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Guest_FaFa!_*

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Everything posted by Guest_FaFa!_*

  1. My understanding the bubble was mainly in the 6 largest cities (off the top of my head that would be Tokyo. Yokohama, Osaka, Kobe and two others) with other parts of Japan seeing rises of about 20 to 30 per cent whilst being large not massively lunatic. I'd imagine the 80% drop would be not be typical. It should also be remembered the Japanese prefer not buy second hand as a rule, they prefer to demolish and build their own. This being the case, houses are not a store of savings as they don't retain value in the same way. Negative equity is not so much a problem as they are not aiming to move. If Dad gets transferred to a different office, he moves into a flat on his own in the new city and sees the kids on the weekend/as and when. Location for schools is also unimportant. Basically I am not sure the Japanese case is really comparable given the house buying culture is so different.
  2. No, that takes me to the last page I looked at.You've let me down
  3. I have found a problem - you cannot go to the end of threads anymore on the mobile skin. I clicked on the If Anyone Is Interested thread and found myself in the middle of January
  4. http://www.japantoday.com/smartphone/view/business/japan-posts-first-current-account-surplus-in-5-months
  5. Ok......you don't feel things like infrastructure, productivity or education levels are important? Just public debt sizes? I wrote about that in the gold thread. The gold fever is 200 people a day
  6. What an amazing gold rush. Hyperinflation here we come http://thediplomat.com/2014/03/shopping-sprees-gold-rush-ahead-of-first-japanese-sales-tax-hike-in-17-years/
  7. Do you genuinely believe that it is reasonable to compare Japan to a group of countries comprising South Africa, Turkey, India, Indonesia and Brazil? Is that serious?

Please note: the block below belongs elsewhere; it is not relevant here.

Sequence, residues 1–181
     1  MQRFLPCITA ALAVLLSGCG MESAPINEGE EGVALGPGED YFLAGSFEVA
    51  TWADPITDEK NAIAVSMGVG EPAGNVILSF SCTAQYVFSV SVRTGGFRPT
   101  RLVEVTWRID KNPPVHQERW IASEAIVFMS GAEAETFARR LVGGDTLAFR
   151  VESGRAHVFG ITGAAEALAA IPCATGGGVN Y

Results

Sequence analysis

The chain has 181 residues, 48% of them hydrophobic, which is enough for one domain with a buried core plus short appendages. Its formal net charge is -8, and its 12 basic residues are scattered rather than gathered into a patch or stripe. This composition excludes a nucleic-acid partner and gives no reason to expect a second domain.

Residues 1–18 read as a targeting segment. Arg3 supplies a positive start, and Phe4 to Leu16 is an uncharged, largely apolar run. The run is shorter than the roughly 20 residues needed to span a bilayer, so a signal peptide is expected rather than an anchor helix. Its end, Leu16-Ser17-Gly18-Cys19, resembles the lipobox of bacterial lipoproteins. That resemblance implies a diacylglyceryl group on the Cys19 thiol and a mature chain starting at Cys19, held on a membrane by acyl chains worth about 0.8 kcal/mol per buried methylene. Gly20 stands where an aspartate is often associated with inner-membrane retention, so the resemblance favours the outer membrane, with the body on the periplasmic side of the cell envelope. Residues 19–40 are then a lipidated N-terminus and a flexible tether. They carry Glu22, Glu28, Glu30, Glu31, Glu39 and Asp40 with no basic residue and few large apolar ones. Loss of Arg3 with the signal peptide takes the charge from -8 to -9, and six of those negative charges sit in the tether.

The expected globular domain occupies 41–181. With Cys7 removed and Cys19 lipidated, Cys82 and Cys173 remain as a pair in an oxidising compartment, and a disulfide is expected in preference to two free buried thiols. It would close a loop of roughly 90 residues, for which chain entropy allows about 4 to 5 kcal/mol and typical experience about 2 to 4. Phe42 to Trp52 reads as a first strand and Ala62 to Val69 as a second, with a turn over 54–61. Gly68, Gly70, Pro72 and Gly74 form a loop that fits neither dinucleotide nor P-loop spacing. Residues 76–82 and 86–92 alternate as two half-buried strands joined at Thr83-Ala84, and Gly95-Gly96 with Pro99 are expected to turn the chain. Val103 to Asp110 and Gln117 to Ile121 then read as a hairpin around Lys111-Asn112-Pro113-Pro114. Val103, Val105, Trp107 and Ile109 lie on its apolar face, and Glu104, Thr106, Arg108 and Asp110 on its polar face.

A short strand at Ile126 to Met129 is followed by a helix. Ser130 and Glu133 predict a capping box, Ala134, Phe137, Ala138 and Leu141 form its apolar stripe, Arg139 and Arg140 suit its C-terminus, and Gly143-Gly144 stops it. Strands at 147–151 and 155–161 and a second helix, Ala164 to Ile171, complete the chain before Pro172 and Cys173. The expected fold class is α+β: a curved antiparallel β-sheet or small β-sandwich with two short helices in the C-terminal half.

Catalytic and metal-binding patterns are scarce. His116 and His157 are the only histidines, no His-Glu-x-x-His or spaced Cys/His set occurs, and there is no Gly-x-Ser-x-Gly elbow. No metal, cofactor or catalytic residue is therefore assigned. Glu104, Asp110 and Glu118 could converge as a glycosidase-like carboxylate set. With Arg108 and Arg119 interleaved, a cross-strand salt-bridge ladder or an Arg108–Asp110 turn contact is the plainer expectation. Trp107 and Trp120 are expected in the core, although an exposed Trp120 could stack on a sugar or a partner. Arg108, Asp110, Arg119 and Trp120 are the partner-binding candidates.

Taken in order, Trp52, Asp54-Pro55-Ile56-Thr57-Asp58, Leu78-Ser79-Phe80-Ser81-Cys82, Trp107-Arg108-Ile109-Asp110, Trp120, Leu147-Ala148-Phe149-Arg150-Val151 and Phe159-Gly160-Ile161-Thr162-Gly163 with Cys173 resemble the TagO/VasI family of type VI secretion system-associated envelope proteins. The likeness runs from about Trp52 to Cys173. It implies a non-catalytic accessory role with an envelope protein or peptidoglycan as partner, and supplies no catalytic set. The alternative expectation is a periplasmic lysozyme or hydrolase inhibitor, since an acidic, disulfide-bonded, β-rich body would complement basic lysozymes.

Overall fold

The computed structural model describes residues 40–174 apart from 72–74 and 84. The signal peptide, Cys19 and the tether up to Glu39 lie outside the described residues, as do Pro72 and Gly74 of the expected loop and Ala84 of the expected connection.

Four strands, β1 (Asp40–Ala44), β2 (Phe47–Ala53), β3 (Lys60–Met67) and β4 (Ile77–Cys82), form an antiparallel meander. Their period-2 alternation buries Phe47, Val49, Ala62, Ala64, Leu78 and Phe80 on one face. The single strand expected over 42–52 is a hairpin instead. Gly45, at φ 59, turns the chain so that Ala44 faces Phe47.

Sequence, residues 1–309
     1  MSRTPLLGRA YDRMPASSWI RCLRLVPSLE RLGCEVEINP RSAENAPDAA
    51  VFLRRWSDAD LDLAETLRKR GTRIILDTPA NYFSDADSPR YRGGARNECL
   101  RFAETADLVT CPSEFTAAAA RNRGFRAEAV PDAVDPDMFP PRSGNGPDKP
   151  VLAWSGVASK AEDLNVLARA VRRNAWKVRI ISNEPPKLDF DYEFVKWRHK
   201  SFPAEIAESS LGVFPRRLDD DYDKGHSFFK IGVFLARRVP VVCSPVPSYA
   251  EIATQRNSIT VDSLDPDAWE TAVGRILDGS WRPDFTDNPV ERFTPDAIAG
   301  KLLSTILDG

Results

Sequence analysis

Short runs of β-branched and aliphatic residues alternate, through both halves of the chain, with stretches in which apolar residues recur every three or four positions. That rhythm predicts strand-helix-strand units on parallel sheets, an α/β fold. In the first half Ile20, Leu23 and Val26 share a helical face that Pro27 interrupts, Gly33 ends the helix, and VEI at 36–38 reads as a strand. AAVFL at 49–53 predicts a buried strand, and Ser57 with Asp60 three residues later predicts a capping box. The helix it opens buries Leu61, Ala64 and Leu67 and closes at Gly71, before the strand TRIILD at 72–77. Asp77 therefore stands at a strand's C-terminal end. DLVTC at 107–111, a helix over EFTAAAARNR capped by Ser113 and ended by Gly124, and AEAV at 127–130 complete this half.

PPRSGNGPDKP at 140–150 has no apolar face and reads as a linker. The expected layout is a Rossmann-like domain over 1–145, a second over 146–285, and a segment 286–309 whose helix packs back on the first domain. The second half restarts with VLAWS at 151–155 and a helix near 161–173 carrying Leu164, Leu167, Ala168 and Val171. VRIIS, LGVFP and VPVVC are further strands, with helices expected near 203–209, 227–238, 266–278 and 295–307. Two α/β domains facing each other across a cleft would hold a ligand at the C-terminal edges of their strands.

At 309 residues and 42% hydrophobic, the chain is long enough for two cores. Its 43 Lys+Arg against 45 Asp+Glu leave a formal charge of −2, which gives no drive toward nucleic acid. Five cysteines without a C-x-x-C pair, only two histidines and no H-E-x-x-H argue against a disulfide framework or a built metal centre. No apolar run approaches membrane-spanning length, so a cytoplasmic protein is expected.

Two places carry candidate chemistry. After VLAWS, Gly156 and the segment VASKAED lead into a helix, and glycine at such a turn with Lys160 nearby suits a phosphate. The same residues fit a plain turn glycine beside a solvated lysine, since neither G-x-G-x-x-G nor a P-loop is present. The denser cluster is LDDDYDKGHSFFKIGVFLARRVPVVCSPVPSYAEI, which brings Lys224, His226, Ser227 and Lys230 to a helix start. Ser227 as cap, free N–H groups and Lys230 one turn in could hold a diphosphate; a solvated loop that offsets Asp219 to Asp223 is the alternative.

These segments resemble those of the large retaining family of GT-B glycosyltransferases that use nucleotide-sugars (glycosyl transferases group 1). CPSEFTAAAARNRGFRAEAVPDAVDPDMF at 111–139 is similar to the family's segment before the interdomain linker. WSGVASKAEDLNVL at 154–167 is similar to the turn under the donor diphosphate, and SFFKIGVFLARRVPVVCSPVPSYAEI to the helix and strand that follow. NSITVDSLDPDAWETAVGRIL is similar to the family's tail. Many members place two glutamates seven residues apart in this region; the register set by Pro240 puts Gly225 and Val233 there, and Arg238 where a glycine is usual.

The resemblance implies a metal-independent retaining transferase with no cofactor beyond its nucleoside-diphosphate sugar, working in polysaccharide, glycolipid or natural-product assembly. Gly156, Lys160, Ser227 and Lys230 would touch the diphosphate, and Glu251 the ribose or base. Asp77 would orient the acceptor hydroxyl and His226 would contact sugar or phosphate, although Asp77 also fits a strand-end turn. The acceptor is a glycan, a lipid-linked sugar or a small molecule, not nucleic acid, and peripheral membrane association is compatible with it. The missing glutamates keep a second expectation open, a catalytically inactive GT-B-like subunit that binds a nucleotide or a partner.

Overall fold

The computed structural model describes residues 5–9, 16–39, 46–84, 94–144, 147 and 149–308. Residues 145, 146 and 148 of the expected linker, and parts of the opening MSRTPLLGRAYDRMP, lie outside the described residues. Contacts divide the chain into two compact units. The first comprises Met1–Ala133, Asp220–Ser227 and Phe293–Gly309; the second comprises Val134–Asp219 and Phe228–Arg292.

8. A spike? In SEVEN shops? Right before they increase the consumption tax? Who'd have thunk it. Ginza is the Japanese Mayfair, btw
  9. http://www.japantoday.com/smartphone/view/business/consumer-prices-up-jobless-rate-falls-to-6-year-low
  10. They have about, what, 12% of global production, marginally above Saudi. They are not OPEC by any stretch of the imagination.
  11. I don't know why you talk as if Russia has some sort of global monopoly on oil and gas. They don't. The customer will pay in the currency of their convenience.
  12. http://www.economonitor.com/blog/2014/03/japan-cuts-solar-raises-wind-tariff/
  13. http://www.economonitor.com/blog/2014/03/russia-to-fall-into-recession-as-tensions-rise/
  14. Interesting article, more at the link http://www.economonitor.com/blog/2014/03/abenomics-time-for-a-push-from-higher-wages/
  15. Japan lost, what, 30% of its power following the tsunami. That's 30% of power, not 25% of its gas. There have been no blackouts. US gas is rapidly coming online, that plus energy efficiency, strong push into renewables.... Certainly it could hurt but I think it would not be a catastrophe. It is amazing how arses get into gear and money gets miraculously found when they shoved against the fire.
  16. The point is this is a who blinks first situation. 25% of EU gas comes from Russia, giving energy to the EU and jobs to Russia. Everyone is talking about Russia being in control - far from it. The US is not dependent on Russia in anyway and is in a position to bring pain.
  17. The West will be done when capacity drops. Debt is just paper it can be torn up I repeat who needs 124 billiin cubic meters of gas per year and can afford to buy it?
  18. 1. That is in 4 years time 2. EU annual consumption is 462 billion cubic meters of which Russia supplies 27% 3. This means Russia supplies 124.64 billion cubic meters to EU 4. Even taking price differences into account it is clear that China cannot replace the EU in terms of demand. 5. This is a Mexican standoff. Edit: Source: http://m.chinapost.com.tw/business/2014/03/20/403234/Russian-share.htm
  19. Feel free to name who is going to replace European demand for the Russians
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